What Is Hormone Therapy?
Hormone therapy (also called hormonal therapy, hormone treatment, or endocrine therapy) is a type of cancer treatment used to slow or stop the growth of cancers that need hormones to grow.
What Is Hormone Therapy Used For?
Hormone therapy is commonly used to treat some breast, prostate, and endometrial (uterine) cancers that use hormones to grow.
Hormone therapy is used to:
- Treat cancer by slowing its growth or lessening the chance it will return
- Ease cancer symptoms in men with prostate cancer who are not able to have surgery or radiation therapy
- Hormone therapy is often used with other cancer treatments to:
- Shrink a tumor before surgery or radiation therapy (neo-adjuvant therapy)
- Lower the risk that cancer will recur after the main treatment (adjuvant therapy)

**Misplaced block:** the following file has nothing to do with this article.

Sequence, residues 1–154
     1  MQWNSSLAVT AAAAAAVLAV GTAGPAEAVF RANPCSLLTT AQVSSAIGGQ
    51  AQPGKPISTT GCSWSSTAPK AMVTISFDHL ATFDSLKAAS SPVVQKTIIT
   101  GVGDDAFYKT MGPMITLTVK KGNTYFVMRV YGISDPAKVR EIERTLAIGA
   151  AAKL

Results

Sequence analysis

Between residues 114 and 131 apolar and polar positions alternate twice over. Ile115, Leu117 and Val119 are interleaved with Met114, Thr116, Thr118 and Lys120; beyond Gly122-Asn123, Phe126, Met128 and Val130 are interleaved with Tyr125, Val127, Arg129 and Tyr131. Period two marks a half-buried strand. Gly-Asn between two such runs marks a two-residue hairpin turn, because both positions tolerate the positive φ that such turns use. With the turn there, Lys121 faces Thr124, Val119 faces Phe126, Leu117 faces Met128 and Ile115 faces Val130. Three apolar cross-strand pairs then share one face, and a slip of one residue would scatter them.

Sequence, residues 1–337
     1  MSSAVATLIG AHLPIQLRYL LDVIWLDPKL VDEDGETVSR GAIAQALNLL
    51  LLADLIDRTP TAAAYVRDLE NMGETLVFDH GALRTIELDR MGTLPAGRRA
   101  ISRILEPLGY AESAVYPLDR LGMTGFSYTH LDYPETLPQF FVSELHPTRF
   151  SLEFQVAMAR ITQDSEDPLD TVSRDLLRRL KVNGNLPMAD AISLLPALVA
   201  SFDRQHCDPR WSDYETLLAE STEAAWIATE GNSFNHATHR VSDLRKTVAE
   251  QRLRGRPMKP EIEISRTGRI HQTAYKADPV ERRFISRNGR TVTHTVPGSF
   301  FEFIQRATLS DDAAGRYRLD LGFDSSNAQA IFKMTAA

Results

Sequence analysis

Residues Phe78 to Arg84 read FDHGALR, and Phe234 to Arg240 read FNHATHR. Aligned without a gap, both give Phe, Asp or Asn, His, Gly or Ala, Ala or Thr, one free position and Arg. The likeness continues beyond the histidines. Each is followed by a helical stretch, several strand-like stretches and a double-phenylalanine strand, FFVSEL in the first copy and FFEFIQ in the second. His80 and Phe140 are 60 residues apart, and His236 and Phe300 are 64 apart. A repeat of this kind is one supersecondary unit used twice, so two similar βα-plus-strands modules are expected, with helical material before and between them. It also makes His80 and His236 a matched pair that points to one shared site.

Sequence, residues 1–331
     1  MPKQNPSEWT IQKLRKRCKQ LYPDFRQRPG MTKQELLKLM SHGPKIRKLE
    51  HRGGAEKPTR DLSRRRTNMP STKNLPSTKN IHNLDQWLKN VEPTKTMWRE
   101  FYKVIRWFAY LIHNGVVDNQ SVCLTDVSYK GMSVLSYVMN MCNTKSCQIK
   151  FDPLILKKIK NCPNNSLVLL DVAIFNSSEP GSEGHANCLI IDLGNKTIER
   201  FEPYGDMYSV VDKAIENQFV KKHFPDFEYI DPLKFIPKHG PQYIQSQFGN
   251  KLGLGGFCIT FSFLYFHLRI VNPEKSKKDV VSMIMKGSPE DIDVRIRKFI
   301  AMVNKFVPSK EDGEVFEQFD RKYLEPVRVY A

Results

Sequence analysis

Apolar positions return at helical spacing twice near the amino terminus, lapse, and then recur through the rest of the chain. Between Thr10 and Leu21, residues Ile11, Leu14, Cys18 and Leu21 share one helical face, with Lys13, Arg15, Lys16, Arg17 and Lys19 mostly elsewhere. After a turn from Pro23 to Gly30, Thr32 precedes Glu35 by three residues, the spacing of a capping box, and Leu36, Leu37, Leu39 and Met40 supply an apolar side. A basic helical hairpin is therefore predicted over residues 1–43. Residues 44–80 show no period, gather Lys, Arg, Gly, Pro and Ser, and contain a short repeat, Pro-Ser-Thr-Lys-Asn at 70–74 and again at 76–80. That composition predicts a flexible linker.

- Kill cancer cells that have returned or spread (metastasized) to other parts of the body
What Are Types of Hormone Therapy?
There are two main groups of hormone therapy:
- Those that block the body’s ability to produce hormones
- Those that interfere with how hormones behave in the body
What Are Side Effects of Hormone Therapy?
Side effects from hormone therapy depend on the type of hormone therapy and how a person responds to it.
Common side effects of hormone therapy include:
Side effects can also differ between men and women.
Common side effects for men who receive hormone therapy for prostate cancer include:
- Loss of ability to have sex
- Weakened bones
- Enlarged and tender breasts
Common side effects for women who receive hormone therapy for breast cancer include: